Ben Affleck reminded us yesterday that Iran exists with the dramatisation of the 1980 joint CIA-Canadian secret operation to extract six fugitive American diplomatic personnel out of revolutionary Iran.
The Canadians are not happy nor are the Iranians. The former have been stripped of the chance to tell and boast about a seriously good story, the latter, well, the whole world is reminded once again who the bad guys are.
Iran has not been getting any good press for decades now. Deservedly so? I really don´t want to make that judgement right now. What I want, instead, is to leave politics, religion and extremism behind (as if one could, I hear you saying…) and have a fair look at a country renown for the hospitality of its people, a country rich in history and tradition, stunningly beautiful women and centuries old treasures.
Iran´s growing tourism industry
The U.N. World Tourism Organisation reported that from 2004 to 2010, the annual increase in tourists visiting foreign countries was 3.2 percent. Iran, on the other hand, presented a growing trend with figures over the same period showing tourism in this country grew at a much faster clip — 12.7 percent. The number of foreign tourists in Iran reached 3 million in 2011, contributing more than $2 billion to the national economy, according to Iranian data. Tour operators in Iran confirm the number sore last year.
But who are these foreign visitors? Most of us will probably be hard pressed to find someone amongst our circle of friends who had visited Iran. The restrictions imposed by Iranian authorities deter most Western tourists who prefer destinations where alcohol is easily accessible and women can enjoy the sun without having to worry about Islamic modesty. However, a small share of tourists to the country (approximately 10% of the total number of visitors) are attracted by the country’s seemingly countless ancient sites ^(https://digitalculturesandtranslation.com/goto/http://whc.unesco.org/en/statesparties/ir) and its reputation for hospitality and, find their way into Iran from North America (more than 1,000 Americans visited Iran as tourists last year, according to the Iranian Tour Operators Association) and the European Union including Germany, Italy, Bulgaria, France, Belgium, and China.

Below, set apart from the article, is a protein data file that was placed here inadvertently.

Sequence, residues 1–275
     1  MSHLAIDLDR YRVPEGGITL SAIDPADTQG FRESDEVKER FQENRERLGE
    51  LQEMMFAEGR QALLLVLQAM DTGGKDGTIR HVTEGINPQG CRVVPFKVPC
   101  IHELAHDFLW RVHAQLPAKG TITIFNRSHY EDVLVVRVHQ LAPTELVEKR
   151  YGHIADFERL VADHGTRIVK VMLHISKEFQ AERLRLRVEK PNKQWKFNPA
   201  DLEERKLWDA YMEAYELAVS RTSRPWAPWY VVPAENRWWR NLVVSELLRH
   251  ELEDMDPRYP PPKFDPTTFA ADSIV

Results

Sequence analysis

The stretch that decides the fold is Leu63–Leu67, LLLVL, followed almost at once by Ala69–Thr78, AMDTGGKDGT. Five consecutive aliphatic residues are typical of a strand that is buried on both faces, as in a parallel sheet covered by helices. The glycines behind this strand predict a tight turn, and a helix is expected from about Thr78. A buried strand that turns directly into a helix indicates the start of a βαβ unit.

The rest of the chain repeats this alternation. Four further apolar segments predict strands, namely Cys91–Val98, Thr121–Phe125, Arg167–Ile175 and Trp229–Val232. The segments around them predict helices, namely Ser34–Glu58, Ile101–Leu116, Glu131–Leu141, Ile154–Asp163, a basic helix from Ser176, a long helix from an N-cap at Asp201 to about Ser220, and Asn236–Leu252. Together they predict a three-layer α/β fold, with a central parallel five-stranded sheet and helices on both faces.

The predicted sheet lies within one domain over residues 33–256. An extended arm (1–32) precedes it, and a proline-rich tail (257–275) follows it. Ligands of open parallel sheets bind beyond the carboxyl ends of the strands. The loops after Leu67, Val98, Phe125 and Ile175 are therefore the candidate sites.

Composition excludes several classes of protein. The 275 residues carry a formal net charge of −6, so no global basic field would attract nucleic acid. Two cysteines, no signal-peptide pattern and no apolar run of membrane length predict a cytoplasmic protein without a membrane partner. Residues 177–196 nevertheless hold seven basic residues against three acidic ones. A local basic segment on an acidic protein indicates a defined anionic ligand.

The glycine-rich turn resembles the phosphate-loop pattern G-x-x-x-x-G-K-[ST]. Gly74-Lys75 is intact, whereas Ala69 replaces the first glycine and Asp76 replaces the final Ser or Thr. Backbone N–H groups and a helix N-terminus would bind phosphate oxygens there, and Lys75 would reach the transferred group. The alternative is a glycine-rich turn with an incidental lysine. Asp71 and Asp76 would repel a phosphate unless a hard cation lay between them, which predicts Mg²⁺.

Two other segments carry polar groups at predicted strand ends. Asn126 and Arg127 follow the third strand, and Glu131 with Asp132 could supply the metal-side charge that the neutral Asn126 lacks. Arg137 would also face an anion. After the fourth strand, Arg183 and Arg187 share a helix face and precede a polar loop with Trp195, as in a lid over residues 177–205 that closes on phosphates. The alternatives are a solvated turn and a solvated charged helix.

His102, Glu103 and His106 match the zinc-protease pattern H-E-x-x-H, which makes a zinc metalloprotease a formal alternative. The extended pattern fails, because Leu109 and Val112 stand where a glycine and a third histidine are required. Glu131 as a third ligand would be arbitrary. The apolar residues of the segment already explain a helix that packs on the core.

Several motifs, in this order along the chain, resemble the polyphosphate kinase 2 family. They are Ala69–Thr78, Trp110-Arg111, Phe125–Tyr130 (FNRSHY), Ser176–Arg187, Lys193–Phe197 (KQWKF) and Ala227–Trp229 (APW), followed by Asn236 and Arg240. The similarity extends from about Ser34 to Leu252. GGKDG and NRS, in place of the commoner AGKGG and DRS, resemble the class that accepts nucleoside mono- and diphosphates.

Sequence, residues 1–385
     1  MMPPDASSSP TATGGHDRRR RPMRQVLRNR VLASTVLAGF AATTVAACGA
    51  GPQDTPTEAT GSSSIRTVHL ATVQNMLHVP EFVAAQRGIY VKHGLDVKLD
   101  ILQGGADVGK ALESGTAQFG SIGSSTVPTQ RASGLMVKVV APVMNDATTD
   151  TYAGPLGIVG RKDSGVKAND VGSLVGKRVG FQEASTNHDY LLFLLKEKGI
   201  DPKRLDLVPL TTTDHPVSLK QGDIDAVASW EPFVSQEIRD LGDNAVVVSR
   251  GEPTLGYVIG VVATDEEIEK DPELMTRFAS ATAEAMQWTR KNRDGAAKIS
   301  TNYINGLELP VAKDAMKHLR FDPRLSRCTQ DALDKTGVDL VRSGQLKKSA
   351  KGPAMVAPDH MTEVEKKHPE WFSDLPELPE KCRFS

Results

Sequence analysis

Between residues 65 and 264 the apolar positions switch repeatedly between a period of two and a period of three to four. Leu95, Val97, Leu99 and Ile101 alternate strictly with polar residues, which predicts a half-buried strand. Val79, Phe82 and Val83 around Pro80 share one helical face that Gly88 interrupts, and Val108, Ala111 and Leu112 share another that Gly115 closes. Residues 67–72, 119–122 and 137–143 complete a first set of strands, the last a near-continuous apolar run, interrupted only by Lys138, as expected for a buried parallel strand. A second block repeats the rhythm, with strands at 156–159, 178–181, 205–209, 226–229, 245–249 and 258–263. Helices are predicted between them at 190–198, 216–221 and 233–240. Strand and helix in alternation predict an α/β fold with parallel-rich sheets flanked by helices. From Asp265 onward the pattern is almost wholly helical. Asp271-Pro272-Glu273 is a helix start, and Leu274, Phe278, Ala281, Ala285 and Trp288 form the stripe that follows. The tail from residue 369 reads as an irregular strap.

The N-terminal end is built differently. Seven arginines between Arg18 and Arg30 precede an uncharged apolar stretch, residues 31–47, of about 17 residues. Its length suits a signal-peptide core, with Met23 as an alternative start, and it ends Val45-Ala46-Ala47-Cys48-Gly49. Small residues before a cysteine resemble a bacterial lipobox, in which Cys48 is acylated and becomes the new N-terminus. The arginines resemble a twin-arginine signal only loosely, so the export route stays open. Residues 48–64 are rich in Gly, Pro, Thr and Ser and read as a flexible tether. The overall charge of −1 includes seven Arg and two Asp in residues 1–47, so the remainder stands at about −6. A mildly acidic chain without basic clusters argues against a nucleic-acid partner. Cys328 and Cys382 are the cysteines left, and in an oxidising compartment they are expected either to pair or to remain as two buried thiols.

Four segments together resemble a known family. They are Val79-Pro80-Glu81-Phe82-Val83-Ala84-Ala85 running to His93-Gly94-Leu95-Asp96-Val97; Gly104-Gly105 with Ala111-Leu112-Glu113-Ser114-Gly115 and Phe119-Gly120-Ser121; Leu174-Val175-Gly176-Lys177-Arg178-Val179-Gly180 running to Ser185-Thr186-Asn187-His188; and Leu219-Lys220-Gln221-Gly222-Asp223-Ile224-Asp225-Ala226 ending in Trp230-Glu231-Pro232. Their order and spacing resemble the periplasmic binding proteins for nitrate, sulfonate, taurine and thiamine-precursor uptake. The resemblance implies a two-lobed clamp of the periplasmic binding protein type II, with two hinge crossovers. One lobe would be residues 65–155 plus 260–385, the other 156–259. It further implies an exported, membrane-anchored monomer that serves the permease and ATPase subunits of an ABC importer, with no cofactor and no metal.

Iran’s Cultural Heritage, Tourism and Handicrafts Organisation has plans to further expand tourism in the areas of eco tourism, coastlines, restoration of historical relics, handicraft township and health tourism, particularly in the country´s most popular tourist destinations of Esfahan, Mashhad, Qom, Persepolis and Shiraz. Besides, to further the growth in this industry and to encourage domestic and foreign direct investment in this sector, the 50 per cent tax exemption ^(https://digitalculturesandtranslation.com/goto/http://en.wikipedia.org/wiki/Labor_and_tax_laws_in_Iran#Tax_advantages_.26_exemptions) previously granted to tourism ^(https://digitalculturesandtranslation.com/goto/http://en.wikipedia.org/wiki/Tourism) enterprises has been extended to include five-star hotels.
If you are one of those inclined to explore the unexplored, I suggest you browse Irpedia ^(https://digitalculturesandtranslation.com/goto/http://www.irpedia.com/), one of Iran´s most complete resources for foreign travellers. I was once tempted, many, many years ago, when I was only 19, to visit this incredible place, but had a change of heart after visiting the Iranian embassy in Madrid, and had to undergo a fairly intimidating interrogation by what seemed to be a group of very intimidating men. I thought I´d leave Iran for a next time. Perhaps the time is approaching…